From People’s Voice
Welcome to 2015. Unless you are Gerry Schwartz or another one of Canada’s 100 highest paid CEOs, you actually have to work for a living. Or perhaps you are retired or a student, having worked all your life or hoping to land a decent job. In either case, Mr. Schwartz and his pals earned more before lunchtime on the first working day of January than you will during this entire year… on average, of course. If you have a higher‑paying job than most, it could take one of the top 100 until quitting time to match your 2015 income. On the other hand, a minimum wage earner was left in the dust by morning coffee break.
The annual CEO pay review published by the Canadian Centre for Policy Alternatives (CCPA) drives the corporate elite bonkers. It’s not fair, whines the Fraser Institute: the CCPA counts stock options and other perks as compensation! Even worse, the CCPA leaves out lower-paid executives, who would drag the CEO average figures down to “reasonable” levels.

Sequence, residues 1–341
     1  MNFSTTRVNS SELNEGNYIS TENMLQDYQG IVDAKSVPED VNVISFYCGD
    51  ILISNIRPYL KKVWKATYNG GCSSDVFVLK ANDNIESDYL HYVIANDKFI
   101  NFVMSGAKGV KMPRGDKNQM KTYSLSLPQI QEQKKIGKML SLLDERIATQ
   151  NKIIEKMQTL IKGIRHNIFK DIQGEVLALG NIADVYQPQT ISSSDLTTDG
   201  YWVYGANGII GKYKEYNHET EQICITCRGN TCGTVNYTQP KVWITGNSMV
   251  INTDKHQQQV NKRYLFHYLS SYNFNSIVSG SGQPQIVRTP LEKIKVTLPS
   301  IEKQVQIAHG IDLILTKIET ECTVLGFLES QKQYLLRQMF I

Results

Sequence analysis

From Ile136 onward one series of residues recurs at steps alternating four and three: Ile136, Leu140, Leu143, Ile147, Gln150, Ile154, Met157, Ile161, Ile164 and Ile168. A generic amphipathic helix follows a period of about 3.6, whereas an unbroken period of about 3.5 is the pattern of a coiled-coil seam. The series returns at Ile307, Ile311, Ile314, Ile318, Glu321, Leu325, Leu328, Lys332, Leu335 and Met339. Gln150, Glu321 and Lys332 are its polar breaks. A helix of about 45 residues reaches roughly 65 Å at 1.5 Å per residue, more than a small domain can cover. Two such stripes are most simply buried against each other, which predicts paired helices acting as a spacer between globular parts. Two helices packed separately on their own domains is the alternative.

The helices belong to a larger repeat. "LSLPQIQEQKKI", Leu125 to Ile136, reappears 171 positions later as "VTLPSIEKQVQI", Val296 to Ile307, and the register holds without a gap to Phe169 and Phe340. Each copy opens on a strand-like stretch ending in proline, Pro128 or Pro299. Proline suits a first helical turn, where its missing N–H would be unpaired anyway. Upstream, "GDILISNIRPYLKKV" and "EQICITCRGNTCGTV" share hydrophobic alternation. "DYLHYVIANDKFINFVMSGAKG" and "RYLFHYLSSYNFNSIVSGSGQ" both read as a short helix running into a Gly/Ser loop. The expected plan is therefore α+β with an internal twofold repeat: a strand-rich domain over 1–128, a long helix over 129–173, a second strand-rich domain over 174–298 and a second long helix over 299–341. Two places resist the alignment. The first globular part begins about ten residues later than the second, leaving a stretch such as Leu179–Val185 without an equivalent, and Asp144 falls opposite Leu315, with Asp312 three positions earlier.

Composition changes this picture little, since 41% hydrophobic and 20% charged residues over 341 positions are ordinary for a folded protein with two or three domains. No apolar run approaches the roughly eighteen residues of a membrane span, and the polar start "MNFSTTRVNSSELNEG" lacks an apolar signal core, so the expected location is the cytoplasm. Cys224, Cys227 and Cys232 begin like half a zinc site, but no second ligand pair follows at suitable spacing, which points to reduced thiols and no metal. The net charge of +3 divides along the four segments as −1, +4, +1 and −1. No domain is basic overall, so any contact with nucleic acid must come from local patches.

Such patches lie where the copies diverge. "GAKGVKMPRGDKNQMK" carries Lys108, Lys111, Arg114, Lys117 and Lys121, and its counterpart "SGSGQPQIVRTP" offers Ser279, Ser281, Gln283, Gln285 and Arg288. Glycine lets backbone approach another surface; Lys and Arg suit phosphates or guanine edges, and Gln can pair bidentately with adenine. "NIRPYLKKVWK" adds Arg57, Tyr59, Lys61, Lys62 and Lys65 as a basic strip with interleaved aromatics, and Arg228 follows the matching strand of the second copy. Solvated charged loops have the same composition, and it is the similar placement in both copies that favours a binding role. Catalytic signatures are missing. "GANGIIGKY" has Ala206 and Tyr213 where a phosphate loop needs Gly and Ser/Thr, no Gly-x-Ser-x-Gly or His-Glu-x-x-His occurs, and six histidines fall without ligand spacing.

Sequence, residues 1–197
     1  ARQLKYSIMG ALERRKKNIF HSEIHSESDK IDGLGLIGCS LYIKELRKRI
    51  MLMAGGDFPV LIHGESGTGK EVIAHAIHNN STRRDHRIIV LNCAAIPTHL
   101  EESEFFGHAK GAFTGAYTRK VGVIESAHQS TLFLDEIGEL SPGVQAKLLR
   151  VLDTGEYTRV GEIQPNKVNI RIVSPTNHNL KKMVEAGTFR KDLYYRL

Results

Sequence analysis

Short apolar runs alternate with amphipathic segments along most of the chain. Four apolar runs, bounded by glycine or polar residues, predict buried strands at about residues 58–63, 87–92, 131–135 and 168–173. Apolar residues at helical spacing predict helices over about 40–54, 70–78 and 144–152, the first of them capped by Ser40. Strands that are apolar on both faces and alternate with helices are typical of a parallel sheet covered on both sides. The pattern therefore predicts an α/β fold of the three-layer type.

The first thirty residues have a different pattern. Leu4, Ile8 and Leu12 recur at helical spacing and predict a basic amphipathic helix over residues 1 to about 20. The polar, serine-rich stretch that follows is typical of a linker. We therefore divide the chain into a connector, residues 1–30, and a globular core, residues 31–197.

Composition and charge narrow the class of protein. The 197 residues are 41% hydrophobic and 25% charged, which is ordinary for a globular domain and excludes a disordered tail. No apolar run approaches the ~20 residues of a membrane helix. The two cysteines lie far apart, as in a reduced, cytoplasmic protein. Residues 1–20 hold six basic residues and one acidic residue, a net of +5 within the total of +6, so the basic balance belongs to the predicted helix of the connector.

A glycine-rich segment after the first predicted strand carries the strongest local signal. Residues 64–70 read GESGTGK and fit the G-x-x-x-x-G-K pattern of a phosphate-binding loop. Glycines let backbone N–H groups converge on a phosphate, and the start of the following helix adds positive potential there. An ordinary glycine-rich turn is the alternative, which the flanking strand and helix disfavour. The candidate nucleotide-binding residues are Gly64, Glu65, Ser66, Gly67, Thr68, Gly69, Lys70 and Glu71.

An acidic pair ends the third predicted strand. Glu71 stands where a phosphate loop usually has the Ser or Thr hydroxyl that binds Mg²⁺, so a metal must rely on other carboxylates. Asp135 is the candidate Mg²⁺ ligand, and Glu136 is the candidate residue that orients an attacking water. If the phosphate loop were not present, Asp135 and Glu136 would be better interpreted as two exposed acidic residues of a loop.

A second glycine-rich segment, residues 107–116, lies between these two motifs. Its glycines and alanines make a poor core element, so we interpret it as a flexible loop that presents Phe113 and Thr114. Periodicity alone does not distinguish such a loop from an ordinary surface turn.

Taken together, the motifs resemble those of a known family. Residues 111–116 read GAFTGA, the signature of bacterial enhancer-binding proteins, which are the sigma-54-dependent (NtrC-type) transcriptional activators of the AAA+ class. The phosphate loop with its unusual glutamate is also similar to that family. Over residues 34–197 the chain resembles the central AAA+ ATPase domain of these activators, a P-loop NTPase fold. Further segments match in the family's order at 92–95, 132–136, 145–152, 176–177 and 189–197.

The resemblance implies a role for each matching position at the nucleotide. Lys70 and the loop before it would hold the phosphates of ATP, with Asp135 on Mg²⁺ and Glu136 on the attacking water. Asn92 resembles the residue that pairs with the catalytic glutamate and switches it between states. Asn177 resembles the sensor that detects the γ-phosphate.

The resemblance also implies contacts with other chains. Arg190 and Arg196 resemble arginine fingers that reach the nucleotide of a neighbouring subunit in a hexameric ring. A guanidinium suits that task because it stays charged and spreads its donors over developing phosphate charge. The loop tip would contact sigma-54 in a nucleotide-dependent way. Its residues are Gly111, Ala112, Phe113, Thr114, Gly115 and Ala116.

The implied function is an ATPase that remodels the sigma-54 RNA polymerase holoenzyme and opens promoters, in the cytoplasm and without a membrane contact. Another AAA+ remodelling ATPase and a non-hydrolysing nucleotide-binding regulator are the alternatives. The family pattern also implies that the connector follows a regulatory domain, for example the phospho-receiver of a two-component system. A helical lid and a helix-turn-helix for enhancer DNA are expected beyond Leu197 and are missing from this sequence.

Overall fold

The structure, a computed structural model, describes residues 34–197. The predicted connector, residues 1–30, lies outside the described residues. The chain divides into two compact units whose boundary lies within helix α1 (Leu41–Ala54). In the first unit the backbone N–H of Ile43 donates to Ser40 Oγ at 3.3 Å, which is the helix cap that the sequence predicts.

Oh, boo hoo. Mr. Schwartz was paid $87.9 million in 2013, but even Number 100 took home $4.14 million, an increase of 30% over the 2008 figure. Working people were smacked hard by the capitalist crisis of 2007‑08. But after an initial drop, pay for the top 100 soon rebounded to pre-crisis glory days, to an average $9.2 million, or 195 times the average Canadian income of $47,358. These big bosses “earned” 237 times the average salary of women employees, showing that some things really never change.
And here’s another nugget to consider: 43 of the top 100 CEOs have a defined benefit pension plan worth an average of $1.39 million a year, and 75 received stock options as part of their 2013 pay package, worth an average of $3.16 million.
Yes, it’s tough for the ultra‑rich when their wealth is exposed for the world to see. Before long, people will start talking about taxing the greedy, not the needy. Will the horror never end?